The auto stocks themselves haven't done so great this year, yet there is at least one auto supplier stock that has done quite well. Enter Lear (LEA 149.04, +3.07, +2.1%), which is up 12.6% year-to-date and 30.0% over the last 52 weeks. Its relative strength makes sense, too, based on the company's latest earnings report. The question is, can LEA maintain that relative strength in the face of concerns about the U.S. auto industry hitting a cyclical sales peak?
The answer lays with the company's investor base. For the time being, that base of shareholders appears to appreciate the company's fine performance in the second quarter, which led to record sales and earnings.
Lear's sales of $5.1 billion were up 8.0% year-over-year and its reported net income of $312 million was up 10.0% from the prior year.
The earnings increase was aided by improved profit margins for both its Seating and E-Systems segments, as well as increased sales across all geographic regions in which the company operates. The commendable operating performance translated into a 20% increase in adjusted earnings per share to $4.39, which was well ahead of analysts' average expectation.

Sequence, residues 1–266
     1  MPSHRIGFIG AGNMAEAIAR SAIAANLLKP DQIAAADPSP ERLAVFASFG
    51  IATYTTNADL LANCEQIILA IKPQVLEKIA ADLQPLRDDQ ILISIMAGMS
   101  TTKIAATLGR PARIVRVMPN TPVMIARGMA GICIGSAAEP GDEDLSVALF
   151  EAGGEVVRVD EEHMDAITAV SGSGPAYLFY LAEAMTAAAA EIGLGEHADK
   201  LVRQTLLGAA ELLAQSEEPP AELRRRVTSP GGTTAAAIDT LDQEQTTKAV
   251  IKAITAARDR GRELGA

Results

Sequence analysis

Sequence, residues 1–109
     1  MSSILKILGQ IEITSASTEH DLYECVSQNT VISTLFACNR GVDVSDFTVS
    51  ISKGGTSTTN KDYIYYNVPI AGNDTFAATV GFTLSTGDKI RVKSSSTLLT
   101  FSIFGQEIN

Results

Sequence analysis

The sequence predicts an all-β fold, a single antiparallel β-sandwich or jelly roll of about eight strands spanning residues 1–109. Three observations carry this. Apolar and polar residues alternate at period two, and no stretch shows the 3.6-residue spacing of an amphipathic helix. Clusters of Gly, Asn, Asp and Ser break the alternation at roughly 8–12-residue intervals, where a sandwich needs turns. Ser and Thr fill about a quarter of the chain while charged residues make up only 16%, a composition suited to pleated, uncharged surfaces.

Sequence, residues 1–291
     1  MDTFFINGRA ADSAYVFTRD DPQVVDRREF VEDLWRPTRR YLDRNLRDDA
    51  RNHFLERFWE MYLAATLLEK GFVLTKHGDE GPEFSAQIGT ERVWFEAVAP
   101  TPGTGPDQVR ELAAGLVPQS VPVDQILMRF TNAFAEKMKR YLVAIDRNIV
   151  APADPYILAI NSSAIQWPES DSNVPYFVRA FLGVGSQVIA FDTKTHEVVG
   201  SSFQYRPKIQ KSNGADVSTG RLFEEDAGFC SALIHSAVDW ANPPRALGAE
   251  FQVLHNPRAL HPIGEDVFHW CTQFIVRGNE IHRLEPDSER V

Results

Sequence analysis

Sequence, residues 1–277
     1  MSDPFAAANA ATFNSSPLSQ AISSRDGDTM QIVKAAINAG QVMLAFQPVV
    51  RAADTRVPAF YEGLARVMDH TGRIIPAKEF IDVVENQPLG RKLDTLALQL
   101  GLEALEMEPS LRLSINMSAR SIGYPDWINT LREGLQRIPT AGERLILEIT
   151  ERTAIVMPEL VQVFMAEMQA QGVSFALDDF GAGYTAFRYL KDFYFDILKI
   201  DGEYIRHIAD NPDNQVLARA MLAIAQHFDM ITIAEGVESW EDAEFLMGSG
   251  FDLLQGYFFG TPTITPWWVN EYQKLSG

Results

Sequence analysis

Driven by its first half performance and its April acquisition of Grupo Antolin's seating businesses, Lear said it is increasing its full-year outlook for sales, earnings and free cash flow.
Sales are now anticipated to be approximately $20 billion in 2017, with core operating earnings of about $1.65 billion and free cash flow around $1.1 billion. Previously, Lear was projecting sales of approximately $19.5 billion, core operating earnings of about $1.6 billion, and free cash flow in excess of $1.0 billion.
The revised outlook is predicated on a global industry production assumption of 93.1 million vehicles, up 2% from 2016. Lear, however, is assuming less production out of North America, where vehicle production is estimated to be 17.4 million units versus an estimate of 17.6 million units following its first quarter earnings report. Lear said its updated outlook was also based on an average exchange rate of $1.12/Euro for the remainder of the year.
With the second quarter results in the book, Lear trades at roughly 9.6x trailing twelve-month earnings.